The songs were mostly written from April 2018 through the fall of 2019 when we started recording. These were tunes that I started writing just as we we’re starting The Barrel Fires record. I came home from work one Friday afternoon and was sitting outside practicing a bit for the studio and I just started singing the lines to “Every Passing Day” on the new record. It was a little more plainspoken and conversational than other stuff that I’ve been writing. The whole thing, 3 verses, 3 different choruses and a bridge just flowed out in an hour or so. I barely changed a word after that which is a rarity. I felt like I found a new voice which became the foundation of the songs on the new record. I spent 18 months reading, writing, listening and exploring this new voice. Unwind was the final addition. At that point I knew I had a full record and I just felt like they needed to be captured while I could.

Let’s be honest: One word we can describe this year is, “challenging”. I could use a million words there. What are some of the positive moments you have experienced in 2020?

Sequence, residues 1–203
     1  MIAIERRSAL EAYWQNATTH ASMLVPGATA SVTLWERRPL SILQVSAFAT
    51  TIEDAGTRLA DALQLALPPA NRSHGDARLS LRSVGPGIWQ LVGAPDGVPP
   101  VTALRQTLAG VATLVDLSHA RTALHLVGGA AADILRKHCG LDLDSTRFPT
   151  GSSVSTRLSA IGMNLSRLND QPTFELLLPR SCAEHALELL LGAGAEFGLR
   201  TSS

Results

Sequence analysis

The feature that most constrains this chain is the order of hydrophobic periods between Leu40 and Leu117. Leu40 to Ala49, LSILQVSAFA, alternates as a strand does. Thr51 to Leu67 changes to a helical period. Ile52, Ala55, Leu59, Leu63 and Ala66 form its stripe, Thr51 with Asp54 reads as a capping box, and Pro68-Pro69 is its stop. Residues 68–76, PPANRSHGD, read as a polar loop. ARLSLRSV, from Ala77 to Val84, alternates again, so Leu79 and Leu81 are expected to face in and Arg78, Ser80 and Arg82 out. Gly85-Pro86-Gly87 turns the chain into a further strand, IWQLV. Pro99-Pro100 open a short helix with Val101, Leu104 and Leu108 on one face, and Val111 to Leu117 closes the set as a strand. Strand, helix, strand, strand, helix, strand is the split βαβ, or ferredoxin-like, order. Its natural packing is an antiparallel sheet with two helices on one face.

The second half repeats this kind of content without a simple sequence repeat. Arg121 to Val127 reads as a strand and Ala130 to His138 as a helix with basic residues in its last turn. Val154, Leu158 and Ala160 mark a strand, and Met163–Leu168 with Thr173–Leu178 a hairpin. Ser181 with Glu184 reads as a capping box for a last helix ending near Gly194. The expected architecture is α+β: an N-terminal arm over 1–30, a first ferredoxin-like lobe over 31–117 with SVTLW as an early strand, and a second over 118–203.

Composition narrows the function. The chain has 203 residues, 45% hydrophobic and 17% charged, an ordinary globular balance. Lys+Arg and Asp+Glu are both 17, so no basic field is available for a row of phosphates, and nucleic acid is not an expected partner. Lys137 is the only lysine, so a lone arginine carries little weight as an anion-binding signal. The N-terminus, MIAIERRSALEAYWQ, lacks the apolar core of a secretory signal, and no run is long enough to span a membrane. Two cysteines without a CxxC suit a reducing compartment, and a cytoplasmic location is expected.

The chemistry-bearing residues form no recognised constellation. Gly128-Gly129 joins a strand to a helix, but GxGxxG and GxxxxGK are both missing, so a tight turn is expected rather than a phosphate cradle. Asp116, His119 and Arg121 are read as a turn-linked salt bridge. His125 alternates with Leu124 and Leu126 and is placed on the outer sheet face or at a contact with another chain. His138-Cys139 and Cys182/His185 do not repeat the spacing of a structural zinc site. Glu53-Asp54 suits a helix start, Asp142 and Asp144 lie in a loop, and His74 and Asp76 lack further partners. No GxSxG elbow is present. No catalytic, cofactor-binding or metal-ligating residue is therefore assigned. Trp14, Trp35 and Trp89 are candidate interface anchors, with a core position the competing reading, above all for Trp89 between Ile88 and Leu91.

There were a couple of musical highlights. The absolute tops was performing a couple of songs at a Robert Hunter tribute at the Ardmore Music Hall in late-January. It was such an all-star lineup. I was the first person to play with the full band that night, the Dead Friends. The place was packed and the crowd just exploded when we hit the first chords of “Bertha.” People were dancing and singing along. Then I walked out into the crowd to dance and sing along myself with some friends. People were high fiving me. What an amazing night! And then only about a month later everything changed.